Laura has worked on research looking at the importance of incorporating the Arts into core curricular educational systems. Specifically, she focused on the possibilities that Arts Education can provide to the current remodelling of Cambodia’s education system, and how Arts Education could contribute to the conservation of traditional Khmer culture that was largely lost during the Khmer Rouge genocide. The paper argues that Arts Education should be awarded a central place within Cambodia’s core curriculum as it may: preserve and maintain the importance of Khmer culture to young generations; help families share and connect by bridging the intergenerational gap of knowledge and experience; and support relational pedagogy that is both healing and necessary for the community, country and its future generations. The research contends that Cambodia should shift away from attempting to imitate global educational standards and focus instead on innovating new educational practice that is more relevant to the needs of its people. In doing so, Laura suggests that Arts Education could play a key role in ensuring that both Cambodia’s education system and traditional culture are not merely in survival mode, but are thriving to their full potential.
More information about the research can be found in this article from the Huffington Post.
We have worked in Ethiopia to support Fekat Circus and Meseret Yirga (an independent practitioner) to document their Community Performance practice through a range of different media.
DreamArts Impact Assessment Study
Our Founder & Director co-authored an Impact Assessment study with Dr Selina Busby from The Royal Central School of Speech and Drama in London. The report examined the work of DreamArts, an outreach arts charity which supports hundreds of vulnerable young people every year in Central London.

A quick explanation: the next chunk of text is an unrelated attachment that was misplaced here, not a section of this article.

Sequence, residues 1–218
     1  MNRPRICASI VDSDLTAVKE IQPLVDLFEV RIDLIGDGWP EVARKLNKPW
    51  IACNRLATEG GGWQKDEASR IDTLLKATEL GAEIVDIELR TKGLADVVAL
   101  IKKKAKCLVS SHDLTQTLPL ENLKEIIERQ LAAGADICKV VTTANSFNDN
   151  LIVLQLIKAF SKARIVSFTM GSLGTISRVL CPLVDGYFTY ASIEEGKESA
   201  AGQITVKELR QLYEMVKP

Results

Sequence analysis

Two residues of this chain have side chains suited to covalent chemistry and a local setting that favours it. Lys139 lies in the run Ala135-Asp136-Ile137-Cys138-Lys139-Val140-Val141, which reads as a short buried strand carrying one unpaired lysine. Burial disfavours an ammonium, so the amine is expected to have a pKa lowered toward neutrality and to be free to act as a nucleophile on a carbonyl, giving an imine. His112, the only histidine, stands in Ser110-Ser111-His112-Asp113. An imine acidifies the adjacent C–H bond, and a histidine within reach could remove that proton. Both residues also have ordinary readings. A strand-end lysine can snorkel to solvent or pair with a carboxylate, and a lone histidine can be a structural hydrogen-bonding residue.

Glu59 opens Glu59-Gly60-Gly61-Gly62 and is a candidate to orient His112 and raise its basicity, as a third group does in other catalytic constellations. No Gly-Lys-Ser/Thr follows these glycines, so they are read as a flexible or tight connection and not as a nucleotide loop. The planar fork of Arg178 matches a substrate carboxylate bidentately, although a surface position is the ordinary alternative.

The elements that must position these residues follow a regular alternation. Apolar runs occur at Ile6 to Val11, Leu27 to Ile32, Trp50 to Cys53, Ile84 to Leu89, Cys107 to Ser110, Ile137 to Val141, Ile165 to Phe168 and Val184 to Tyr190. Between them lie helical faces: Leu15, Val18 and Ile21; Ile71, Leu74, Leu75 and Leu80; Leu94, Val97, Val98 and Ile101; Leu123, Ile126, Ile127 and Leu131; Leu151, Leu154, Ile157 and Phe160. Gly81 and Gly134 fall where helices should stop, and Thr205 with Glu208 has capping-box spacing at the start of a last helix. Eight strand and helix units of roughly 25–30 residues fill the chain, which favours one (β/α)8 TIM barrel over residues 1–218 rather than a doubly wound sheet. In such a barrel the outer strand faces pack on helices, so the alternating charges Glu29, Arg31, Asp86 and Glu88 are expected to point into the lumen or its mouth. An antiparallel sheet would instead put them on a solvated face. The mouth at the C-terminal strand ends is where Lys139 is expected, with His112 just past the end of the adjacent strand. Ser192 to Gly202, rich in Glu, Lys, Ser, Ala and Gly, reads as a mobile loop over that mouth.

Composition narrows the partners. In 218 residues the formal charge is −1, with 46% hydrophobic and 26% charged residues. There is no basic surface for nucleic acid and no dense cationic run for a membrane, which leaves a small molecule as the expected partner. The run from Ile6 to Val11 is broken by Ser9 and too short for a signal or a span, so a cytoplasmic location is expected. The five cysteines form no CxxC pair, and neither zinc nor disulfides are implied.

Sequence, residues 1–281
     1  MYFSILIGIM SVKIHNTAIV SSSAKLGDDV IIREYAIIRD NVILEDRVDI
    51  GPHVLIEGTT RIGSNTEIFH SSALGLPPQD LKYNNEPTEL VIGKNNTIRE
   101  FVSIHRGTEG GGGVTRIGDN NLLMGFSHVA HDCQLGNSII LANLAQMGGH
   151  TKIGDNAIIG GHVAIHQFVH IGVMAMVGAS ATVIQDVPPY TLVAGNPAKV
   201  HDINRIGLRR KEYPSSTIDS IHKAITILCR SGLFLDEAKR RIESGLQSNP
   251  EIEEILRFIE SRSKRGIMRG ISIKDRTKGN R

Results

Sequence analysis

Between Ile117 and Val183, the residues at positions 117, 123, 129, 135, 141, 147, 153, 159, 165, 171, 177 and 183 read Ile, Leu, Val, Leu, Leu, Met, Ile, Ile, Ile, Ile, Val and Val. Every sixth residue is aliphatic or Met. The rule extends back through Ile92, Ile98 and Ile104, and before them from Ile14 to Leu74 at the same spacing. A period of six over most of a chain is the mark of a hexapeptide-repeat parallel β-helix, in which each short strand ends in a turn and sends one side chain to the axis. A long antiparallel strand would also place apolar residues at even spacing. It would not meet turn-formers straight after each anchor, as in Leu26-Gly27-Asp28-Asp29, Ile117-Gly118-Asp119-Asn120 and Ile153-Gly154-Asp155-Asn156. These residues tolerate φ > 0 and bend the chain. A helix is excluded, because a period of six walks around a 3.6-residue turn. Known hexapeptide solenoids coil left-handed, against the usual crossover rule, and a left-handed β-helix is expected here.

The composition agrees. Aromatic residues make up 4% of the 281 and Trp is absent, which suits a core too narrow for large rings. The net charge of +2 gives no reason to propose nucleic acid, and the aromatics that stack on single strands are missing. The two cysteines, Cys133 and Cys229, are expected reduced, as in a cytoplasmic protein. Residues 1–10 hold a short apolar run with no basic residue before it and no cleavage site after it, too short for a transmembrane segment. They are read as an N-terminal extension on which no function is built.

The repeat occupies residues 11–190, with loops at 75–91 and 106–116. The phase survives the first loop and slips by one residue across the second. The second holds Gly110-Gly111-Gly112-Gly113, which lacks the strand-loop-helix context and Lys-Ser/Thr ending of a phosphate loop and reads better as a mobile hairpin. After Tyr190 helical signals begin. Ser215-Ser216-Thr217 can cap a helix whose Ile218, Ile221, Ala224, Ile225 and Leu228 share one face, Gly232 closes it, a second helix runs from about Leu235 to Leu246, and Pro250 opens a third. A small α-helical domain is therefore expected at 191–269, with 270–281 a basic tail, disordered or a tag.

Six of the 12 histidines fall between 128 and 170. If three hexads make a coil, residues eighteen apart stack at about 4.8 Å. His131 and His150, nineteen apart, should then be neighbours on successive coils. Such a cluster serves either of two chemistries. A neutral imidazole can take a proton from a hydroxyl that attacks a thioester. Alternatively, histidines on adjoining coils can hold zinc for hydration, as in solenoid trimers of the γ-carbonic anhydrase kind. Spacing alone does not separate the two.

By collating interviews with current and past participants, with focus group data and project evaluations, the DreamArts model of Community Performance was assessed against their Theory of Change models. The report commended DreamArts as “a model of exemplary practice within the Youth Services sphere”. The programmes were evaluated being highly successful in delivering numerous key impacts for Children and Young People. These include: achieving a greater sense of self-worth, developing coping skills and building resilience, improved relationships with adults and peers, awareness of their impact on the world, ability to make better life choices, engagement in further learning, reductions in negative behaviour and having fun & enjoying themselves. The research then outlined various recommendations for future development and dissemination of this model.
The Royal Central School of Speech and Drama
Dialogue is honoured to be able to partner with course staff and students from the MA Applied Theatre Programme at The Royal Central School of Speech and Drama. We are very proud to have been able to teach the postgraduate students at the school about our methodology of Participatory Documentation. In addition, we have hosted postgraduate students on placement from the university who make an invaluable contribution to our Documentation Programme.
Crossing Bridges Outcome Evaluation Study
Chris, our Founder & Director, has worked on an Outcome Evaluation assessment of “Crossing Bridges”, a Community Performance programme that works with youth participants at Covenant House, a homeless shelter in Manhattan, New York. The research was co-authored with Dr Selina Busby from The Royal Central School of Speech and Drama in London.
The Crossing Bridges programmes sees Broadway artists tutoring, and working alongside, the youth participants who not only learn performance skills, but who also stage a short production on a professional stage by the end of the project. The report explores the success that the young participants have on the programme in terms of developing: Artistic Talent; Expression through the Arts; Camaraderie, Collaboration & Community; Changing Identities; and Transferable Skills.